Biography of Marc Mannheimer
I am a mental health worker,43, from an upper-middle-class, Republican family. Not the makings of much creatively. But my main weakness is my main strength - I've been mentally ill for twenty years, and I've seen the black sludge at the bottom of the Gutbucket Pond in winter, so there's a little creative fodder there. Still, I generally like to write things that might give the reader a little smile.
Marc Mannheimer's Works:
A small chapbook of poems, As He Supports You From Within, put out in early 2008, and one put out in 2009, She Heals with a Word. Poems published in the Doubting Thomas Quarterly, the Lakewood Observer, and the Cleveland Reader, and online @ messymagazine and Deep Cleveland Junkmail Oracle.
Marc Mannheimer Poems
A Man's Dream
A house of stone and glass, built above the ocean, reflects the sunlight
How She Got The Blues
I saw a picture of her a year ago, my one time brown-eyed girl. She looked like she’d hit the pavement, I guess like the rest of the nation.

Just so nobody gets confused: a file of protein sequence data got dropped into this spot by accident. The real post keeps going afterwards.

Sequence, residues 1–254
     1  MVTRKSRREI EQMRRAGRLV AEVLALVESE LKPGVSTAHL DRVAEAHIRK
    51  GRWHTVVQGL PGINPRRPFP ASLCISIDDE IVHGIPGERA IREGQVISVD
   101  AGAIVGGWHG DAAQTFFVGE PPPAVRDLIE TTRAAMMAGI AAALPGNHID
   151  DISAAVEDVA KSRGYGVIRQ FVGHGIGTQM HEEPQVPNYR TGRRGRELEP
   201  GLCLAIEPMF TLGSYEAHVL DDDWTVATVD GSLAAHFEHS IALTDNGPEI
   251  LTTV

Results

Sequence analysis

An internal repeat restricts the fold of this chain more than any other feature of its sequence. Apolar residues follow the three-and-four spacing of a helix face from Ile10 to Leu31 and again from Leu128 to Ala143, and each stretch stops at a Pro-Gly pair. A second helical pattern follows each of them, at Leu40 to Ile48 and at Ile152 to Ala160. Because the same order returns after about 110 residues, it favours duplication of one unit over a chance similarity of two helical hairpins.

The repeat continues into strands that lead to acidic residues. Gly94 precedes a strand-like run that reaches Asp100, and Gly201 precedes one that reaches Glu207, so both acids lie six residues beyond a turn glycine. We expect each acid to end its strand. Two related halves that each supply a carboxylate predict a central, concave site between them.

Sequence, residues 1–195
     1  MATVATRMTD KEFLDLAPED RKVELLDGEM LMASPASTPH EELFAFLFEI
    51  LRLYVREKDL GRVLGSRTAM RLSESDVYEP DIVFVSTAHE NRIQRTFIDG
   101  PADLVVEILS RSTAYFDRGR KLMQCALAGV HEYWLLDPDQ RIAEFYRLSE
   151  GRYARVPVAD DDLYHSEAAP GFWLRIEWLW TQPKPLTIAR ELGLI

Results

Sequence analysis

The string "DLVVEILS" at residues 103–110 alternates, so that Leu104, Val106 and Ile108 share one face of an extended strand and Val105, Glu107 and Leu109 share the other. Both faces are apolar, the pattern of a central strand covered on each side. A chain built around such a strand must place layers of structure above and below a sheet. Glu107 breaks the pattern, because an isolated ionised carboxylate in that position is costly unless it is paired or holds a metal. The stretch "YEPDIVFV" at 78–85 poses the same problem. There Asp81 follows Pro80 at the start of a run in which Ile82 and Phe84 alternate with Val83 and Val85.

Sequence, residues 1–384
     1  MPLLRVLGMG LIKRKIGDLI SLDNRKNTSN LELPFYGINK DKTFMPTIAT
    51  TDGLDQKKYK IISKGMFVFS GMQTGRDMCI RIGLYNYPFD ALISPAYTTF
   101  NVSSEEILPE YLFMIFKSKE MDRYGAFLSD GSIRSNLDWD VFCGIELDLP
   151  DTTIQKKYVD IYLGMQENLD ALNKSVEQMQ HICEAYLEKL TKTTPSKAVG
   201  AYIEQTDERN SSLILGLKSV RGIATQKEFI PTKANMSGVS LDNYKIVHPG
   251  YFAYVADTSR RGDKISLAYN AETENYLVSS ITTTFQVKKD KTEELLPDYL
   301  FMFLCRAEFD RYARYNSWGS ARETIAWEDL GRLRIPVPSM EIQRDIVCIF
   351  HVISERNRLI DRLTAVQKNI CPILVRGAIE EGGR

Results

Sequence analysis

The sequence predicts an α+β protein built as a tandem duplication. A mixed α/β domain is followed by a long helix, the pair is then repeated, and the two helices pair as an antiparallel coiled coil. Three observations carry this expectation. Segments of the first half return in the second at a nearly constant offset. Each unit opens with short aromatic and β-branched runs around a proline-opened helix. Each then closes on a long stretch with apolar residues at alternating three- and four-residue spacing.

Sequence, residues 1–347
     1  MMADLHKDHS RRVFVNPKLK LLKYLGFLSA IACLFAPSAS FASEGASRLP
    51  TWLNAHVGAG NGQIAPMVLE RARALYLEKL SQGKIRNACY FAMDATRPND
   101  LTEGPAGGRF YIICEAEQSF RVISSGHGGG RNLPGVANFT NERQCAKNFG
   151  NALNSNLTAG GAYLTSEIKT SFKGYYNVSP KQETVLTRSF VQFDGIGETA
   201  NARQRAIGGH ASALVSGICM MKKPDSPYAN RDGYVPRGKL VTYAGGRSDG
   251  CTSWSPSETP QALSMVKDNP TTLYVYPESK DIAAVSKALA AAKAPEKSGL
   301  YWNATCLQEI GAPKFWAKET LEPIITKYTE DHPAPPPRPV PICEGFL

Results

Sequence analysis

Some Tears Taste Good
Some tears taste like pure, clear spring water, despite the salt, and despite the fact that you know
my hands all over these words,
I long for recognition, kudos for my poetry, kind words for my song, for my story
After my last haircut, I took the mirror which my barber gave me, checked over the work,
Red-orange, plump, orange-yellow orb, sitting on a nest of treetops, treetops spreading tall
little sparrow, feathery frumper, flitting feet over rock, over rifts
Trace A Malady
Trace a compulsion back to its roots the genesis of a mental/behavioral malady, a kink, a spanner in the works of ones functioning.
One day, I happened by 10’000 Villages, a non-profit store of magical crafts, and arts of love, dedication and humble skill, created by impoverished peoples from throughout the world
Same View, Different Me
I so rarely just stepped outside of the apartment house (I left a lot, but rarely just stepped outside) , took in the day,
He walked the streets watching all of the pairs, hand in hand, strolling here and there
Pineapple-topped palm trees line the causeways, geckos
sweet, tiny creatures of leathery skin swift, acting as familiar as pets
The last time I saw my first therapist
she was standing at the door waving in her red dress
She was a middle-aged lady, a little plump, no hint of gray
Her mood was always moderate; she seemed to be on top of it
But I was very young
and the surety of my “knowledge”
kept me from hearing
what I needed to hear